- President Judy Olian to ‘shape Quinnipiac’s bright future’ with students
- Quinnipiac men’s ice hockey releases 2018-19 schedule
- Sleeping Giant State Park closed indefinitely after tornado damage
- Quinnipiac partners with People’s United Bank
- Quinnipiac baseball secures 2-1 series win against Niagara
- Former Quinnipiac men’s ice hockey player Connor Clifton signs with the Boston Bruins
- Quinnipiac Avenue explosion
- Push for perfection
- Moving forward, looking back. Farewell Lahey
- Freshman reflect, Seniors say goodbye
Farmer’s markets provide wholesome goodness
For Jennifer McTiernan, good food equals a great life. She believes so strongly in this equation that she left her day job over a year ago to become the Executive Director of CitySeed, a non-profit organization out of New Haven which operates four farmer’s markets throughout the city.
“A few neighbors got together [and realized] there was no place to buy fruits and vegetables,” she said. McTiernan, who had spent time in Berkeley, California before returning to New Haven, said it was the organic produce she missed the most after leaving the west coast. Upon returning to Connecticut, McTiernan was struck by a question which in turn triggered her idea to create the markets.
“Where can I get an amazing tomato?” she said. “It’s about introducing this celebratory relationship with food.” After sharing her idea with three other people, McTiernan’s dream of creating a place for the local community to find an amazing tomato soon became a reality. She developed CitySeed, which in cooperation with other non-profit organizations runs the four markets. The original market is located in Wooster Square at Russo Park and opened in the spring of last year.
“[There were] seven farmers opening day of last year, by noon everyone was sold out,” recalls McTiernan. Currently there are twenty-four vendors that sell food at the markets and each market is just a little different. “Everywhere we went, people wanted us,” said McTiernan. “You buy the food from the farmer.” After the successful first season of the Wooster Square market, CitySeed opened three other markets in different neighborhoods as well. The other locations include Fair Haven, at the Quinnipiac River Park, Edgewood Park and the Temple Street Plaza, which opened this past July. Every market has food which is either organic or sustainable, which satisfies CitySeed’s stated vision of “to create a sustainable model of local economy, urban community, regional agriculture, environmental stewardship, and well-being through food.”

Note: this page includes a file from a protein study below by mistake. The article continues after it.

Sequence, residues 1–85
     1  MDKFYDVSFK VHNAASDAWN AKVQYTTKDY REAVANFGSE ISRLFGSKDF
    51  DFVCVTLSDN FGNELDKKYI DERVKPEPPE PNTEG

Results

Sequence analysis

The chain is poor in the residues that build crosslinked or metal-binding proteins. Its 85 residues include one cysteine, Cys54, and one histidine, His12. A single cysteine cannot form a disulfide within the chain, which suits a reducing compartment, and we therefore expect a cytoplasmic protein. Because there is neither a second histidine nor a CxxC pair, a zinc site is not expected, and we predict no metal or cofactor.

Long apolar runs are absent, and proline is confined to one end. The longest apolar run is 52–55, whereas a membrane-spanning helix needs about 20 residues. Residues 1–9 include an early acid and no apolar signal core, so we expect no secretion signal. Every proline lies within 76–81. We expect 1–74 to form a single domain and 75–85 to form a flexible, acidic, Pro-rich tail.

The farms which sell at the market’s come from surrounding areas such as Hamden, Northford, Shelton, Oxford and Madison. Each farm has its own table in the market, which offers a wide variety of food items such as asparagus, free-range eggs, maple syrup, cheese, lobsters and shell fish. The Fair Haven market also has a vendor which sells jewelry native of Ecuador.
McTiernan sees her efforts as very successful and believes the response from the community has been very positive.
“We definitely get a lot of foot traffic and that’s why you want to have neighborhood farmer’s markets. The hardest thing was getting farmers,” she said. “The city has generally been really supportive. The fact that we have four different markets in four communities is great.” Despite achieving her goal of creating the markets, McTiernan is now setting her sights on something greater.
“The big dream is to create a public market, year round, somewhere in downtown or near downtown,” she said. Currently, all of the markets are scheduled to close in October with the Wooster Square market reopening in the spring and the remaining markets to reopen in July.
Jeff Pascale, who works at Northfordy Farm, in Northford believes that the markets have been beneficial to the community.
“I’ve been working on the farm for a little over a year. I work on the farm and at the markets,” he said. “[The most important part of the markets is] to bring these people fresh fruits and vegetables. A lot of these people don’t have access [to fresh produce]. It’s local. They are supporting local farms, not commercial farms.” Pascale adds that Normandy Farms does not use pesticides or synthetic fertilizers, which is another added bonus to shopping at the markets.
“It’s all reasonable [prices] for organic and you aren’t buying all the packaging,” Pascale said. Northfordy Farm sells produce such as squash, eggplant, cherry tomatoes, onions and peppers.
“They don’t have a lot of room in their own yards to grow fresh gardens,” said Stacia Monahan, who owns Stone Gardens of Shelton. “A lot of people can’t get down to Shelton where we have more farms. You have definite regulars.”
According to McTiernan, the success of the markets relies heavily on volunteers.
McTiernan also stated that the organization is actively seeking interns. Anyone with knowledge of marketing, public relations or business may be qualified. Anyone interested in learning more about CitySeed or its projects can check out www.cityseed.org or email firstname.lastname@example.org.